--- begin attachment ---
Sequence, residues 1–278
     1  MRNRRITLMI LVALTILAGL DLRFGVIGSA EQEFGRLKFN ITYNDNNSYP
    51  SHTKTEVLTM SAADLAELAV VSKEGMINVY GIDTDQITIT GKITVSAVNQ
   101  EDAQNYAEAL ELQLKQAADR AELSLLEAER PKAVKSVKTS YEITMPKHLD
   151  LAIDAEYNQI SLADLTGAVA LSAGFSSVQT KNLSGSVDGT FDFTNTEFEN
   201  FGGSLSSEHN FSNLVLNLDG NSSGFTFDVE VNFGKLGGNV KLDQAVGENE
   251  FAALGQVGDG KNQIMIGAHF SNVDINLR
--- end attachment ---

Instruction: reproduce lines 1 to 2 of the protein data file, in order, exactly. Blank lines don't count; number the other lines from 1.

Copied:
Sequence, residues 1–278
     1  MRNRRITLMI LVALTILAGL DLRFGVIGSA EQEFGRLKFN ITYNDNNSYP